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the World Meteorological Organization

Caring for the Poor and Issues of Equity
Working for the common good requires us to promote the flourishing of all human life and all of God’s creation. In a special way, the common good requires solidarity with the poor who are often without the resources to face many problems, including the potential impacts of climate change. Our obligations to the one human family stretch across space and time. They tie us to the poor in our midst and across the globe, as well as to future generations. The commandment to love our neighbor invites us to consider the poor and marginalized of other nations as true brothers and sisters who share with us the one table of life intended by God for the enjoyment of all.

All nations share the responsibility to address the problem of global climate change. But historically the industrial economies have been responsible for the highest emissions of greenhouse gases that scientists suggest are causing the warming trend. Also, significant wealth, technological sophistication, and entrepreneurial creativity give these nations a greater capacity to find useful responses to this problem. To avoid greater impact, energy resource adjustments must be made both in the policies of richer countries and in the development paths of poorer ones.

Most people will agree that while the current use of fossil fuels has fostered and continues to foster substantial economic growth, development, and benefits for many, there is a legitimate concern that as developing countries improve their economies and emit more greenhouse gases, they will need technological help to mitigate further atmospheric environmental harm. Many of the poor in these countries live in degrading and desperate situations that often lead them to adopt environmentally harmful agricultural and industrial practices. In many cases, the heavy debt burdens, lack of trade opportunities, and economic inequities in the global market add to the environmental strains of the poorer countries. Developing countries have a right to economic development that can help lift people out of dire poverty. Wealthier industrialized nations have the resources, know-how, and entrepreneurship to produce more efficient cars and cleaner industries. These countries need to share these emerging technologies with the less-developed countries and assume more of the financial responsibility that would enable poorer countries to afford them. This would help developing countries adopt energy-efficient technologies more rapidly while still sustaining healthy economic growth and development. 10 Industries from the developed countries operating in developing nations should exercise a leadership role in preserving the environment.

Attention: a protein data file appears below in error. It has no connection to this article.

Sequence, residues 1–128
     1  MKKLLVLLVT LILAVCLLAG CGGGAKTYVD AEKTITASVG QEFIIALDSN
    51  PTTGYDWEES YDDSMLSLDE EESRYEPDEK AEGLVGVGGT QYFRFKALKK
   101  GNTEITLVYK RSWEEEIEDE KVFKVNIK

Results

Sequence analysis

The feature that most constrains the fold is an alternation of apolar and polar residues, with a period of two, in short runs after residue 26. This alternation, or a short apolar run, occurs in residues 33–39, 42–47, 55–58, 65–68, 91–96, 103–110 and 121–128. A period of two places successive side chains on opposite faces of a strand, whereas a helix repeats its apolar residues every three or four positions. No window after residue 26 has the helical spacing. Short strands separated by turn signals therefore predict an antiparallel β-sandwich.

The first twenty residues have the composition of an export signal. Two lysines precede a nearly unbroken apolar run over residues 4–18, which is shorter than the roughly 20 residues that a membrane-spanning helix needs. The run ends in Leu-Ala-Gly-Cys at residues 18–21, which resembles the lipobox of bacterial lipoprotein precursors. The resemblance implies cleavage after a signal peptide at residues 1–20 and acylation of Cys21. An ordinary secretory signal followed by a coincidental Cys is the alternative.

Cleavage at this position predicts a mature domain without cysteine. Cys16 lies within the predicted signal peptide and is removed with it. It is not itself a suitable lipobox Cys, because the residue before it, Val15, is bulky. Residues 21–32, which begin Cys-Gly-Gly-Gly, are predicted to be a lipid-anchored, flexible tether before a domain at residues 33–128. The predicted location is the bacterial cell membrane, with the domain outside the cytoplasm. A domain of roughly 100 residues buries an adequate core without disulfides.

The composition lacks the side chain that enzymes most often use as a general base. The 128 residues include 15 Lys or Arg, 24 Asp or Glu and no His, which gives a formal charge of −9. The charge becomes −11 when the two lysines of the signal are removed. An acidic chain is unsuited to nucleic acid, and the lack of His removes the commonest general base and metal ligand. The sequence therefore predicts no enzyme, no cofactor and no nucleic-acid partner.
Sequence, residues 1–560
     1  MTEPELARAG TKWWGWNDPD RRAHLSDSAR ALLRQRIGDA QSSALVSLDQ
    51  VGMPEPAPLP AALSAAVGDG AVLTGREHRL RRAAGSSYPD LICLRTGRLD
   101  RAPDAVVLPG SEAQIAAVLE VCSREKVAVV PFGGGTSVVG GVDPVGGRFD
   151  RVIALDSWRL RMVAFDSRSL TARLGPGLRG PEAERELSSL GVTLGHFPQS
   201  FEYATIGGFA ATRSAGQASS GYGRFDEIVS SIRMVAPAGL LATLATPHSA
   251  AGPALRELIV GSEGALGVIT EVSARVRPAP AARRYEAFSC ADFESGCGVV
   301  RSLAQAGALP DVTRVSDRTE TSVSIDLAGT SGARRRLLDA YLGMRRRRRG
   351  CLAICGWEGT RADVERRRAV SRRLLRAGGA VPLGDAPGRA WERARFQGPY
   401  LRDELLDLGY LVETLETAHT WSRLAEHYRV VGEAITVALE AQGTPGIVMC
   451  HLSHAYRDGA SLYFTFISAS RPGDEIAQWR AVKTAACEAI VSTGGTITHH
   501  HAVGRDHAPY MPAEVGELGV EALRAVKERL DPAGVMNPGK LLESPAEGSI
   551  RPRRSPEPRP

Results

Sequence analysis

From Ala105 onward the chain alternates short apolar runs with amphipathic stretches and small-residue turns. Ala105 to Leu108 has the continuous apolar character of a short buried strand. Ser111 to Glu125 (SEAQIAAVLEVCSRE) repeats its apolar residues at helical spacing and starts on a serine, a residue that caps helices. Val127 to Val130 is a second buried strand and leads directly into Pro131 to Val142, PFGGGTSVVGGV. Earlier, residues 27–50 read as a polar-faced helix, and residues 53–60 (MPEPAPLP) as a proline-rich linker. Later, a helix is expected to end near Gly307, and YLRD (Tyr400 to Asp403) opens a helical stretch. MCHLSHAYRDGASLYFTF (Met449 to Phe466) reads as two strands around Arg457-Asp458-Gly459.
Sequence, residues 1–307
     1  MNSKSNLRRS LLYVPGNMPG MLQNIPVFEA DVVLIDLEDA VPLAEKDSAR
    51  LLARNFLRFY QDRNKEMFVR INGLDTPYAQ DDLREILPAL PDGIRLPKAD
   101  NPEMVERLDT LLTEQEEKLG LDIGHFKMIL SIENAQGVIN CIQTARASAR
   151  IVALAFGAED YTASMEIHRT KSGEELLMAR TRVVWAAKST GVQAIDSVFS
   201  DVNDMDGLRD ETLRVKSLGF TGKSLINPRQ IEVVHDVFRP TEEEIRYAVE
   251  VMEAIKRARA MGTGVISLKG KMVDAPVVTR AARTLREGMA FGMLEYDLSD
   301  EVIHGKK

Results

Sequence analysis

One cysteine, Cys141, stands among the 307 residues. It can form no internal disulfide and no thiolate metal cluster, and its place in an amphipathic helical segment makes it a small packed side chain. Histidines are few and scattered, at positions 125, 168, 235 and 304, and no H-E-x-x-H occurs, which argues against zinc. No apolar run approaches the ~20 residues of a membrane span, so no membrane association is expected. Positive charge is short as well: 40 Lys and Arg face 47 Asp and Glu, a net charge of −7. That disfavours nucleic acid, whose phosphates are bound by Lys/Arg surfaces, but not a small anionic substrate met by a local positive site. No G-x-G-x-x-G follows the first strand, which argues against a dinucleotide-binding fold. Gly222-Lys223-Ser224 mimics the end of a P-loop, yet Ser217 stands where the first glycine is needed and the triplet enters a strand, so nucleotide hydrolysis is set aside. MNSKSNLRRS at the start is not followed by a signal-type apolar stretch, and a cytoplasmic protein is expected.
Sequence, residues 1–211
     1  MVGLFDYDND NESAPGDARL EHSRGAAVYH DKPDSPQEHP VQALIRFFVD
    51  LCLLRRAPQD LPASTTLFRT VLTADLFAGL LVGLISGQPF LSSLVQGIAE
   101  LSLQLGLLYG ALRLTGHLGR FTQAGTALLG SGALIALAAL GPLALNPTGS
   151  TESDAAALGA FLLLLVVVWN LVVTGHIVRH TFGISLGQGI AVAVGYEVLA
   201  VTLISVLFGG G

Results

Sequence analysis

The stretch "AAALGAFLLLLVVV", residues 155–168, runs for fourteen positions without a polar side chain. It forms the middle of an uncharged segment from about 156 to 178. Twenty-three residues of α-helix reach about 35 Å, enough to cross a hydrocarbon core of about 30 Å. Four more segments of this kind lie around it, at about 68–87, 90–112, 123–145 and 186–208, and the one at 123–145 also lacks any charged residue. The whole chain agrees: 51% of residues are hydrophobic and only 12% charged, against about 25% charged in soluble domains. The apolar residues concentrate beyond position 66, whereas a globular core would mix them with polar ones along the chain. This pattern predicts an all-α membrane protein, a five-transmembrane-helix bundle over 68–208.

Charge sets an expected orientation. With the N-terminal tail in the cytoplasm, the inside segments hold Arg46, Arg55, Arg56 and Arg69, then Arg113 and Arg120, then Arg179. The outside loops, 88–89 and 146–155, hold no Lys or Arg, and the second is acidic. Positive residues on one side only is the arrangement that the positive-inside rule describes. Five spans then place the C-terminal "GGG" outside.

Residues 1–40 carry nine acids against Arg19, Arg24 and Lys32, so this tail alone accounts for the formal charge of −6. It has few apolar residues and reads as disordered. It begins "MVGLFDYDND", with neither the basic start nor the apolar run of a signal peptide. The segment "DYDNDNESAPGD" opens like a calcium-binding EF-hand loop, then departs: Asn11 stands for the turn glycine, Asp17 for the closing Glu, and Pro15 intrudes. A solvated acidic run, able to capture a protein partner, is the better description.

No strategy to confront global climate change will succeed without the leadership and participation of the United States and other industrial nations. But any successful strategy must also reflect the genuine participation and concerns of those most affected and least able to bear the burdens. Developing and poorer nations must have a genuine place at the negotiating table. Genuine participation for those most affected is a moral and political necessity for advancing the common good.